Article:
Museums in Italy and Belgium will start reopening in mid-May.
The Uffizi Gallery in Florence, Italy. Photo by Herbert Frank via Flickr.
Museums throughout Italy and Belgium will begin reopening in mid-May as governments gradually begin to lift COVID-19 lockdowns. Italy’s prime minister, Giuseppe Conte, has developed plans to reopen the country’s museums, libraries, and cultural sites beginning on May 18th. Meanwhile, Antwerp’s Museum van Hedendaagse Kunst (MHKA) announced plans to reopen its doors on May 19th, following guidelines from the National Security Council. In addition to the MHKA, the six museums that make up Brussels’s Royal Museums of Fine Arts are also slated to re-open.
In a live broadcast quoted by the Wall Street Journal, Conte stated:
Responsible behavior by each one of us will be fundamental. If we don’t respect the precautions, the curve will rise again, the deaths will mount and we will have irreversible damage to our economy. If you love Italy, keep your distance.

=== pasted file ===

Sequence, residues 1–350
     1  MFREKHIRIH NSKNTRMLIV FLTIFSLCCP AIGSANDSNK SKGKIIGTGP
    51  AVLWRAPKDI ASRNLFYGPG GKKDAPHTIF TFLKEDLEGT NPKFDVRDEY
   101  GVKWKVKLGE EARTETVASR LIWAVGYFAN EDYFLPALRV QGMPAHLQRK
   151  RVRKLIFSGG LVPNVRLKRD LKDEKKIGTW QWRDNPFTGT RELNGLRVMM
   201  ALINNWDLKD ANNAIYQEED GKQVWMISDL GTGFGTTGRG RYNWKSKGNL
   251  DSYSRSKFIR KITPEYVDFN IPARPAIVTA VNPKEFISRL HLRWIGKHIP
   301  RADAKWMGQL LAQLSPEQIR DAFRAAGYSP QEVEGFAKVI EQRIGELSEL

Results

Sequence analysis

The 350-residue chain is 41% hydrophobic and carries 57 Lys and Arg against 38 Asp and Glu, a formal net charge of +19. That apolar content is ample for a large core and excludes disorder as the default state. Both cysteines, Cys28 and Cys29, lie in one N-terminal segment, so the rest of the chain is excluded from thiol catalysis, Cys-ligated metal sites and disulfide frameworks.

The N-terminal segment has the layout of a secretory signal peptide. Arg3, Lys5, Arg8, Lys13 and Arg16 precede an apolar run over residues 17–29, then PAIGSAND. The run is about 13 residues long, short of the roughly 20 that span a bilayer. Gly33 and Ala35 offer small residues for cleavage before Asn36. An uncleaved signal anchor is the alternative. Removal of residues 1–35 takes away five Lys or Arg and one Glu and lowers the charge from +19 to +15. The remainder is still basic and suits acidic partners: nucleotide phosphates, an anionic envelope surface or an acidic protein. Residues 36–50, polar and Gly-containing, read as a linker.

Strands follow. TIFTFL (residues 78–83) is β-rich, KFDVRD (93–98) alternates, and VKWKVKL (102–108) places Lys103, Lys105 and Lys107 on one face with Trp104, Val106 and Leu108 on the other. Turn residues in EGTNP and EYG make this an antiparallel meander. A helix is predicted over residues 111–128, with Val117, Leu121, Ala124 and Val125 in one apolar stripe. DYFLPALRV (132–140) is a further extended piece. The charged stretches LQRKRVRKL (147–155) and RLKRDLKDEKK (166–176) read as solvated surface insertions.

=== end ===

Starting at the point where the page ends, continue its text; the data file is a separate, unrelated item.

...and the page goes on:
For both countries, the efficiency of these reopenings is contingent on the public’s adherence to stringent sanitation and safety measures. According to a report in The Art Newspaper, one Brussels newspaper is emphasizing the importance of maintaining social distancing beyond the lockdown. They also noted the need for increased testing and ensuring that citizens continue to wear face masks and disinfect.
The announcements from Italy and Belgium come as other countries around the world carefully begin to reopen. Just last week, museums and galleries in Germany started accepting visitors again, adhering to similar social distancing precautions.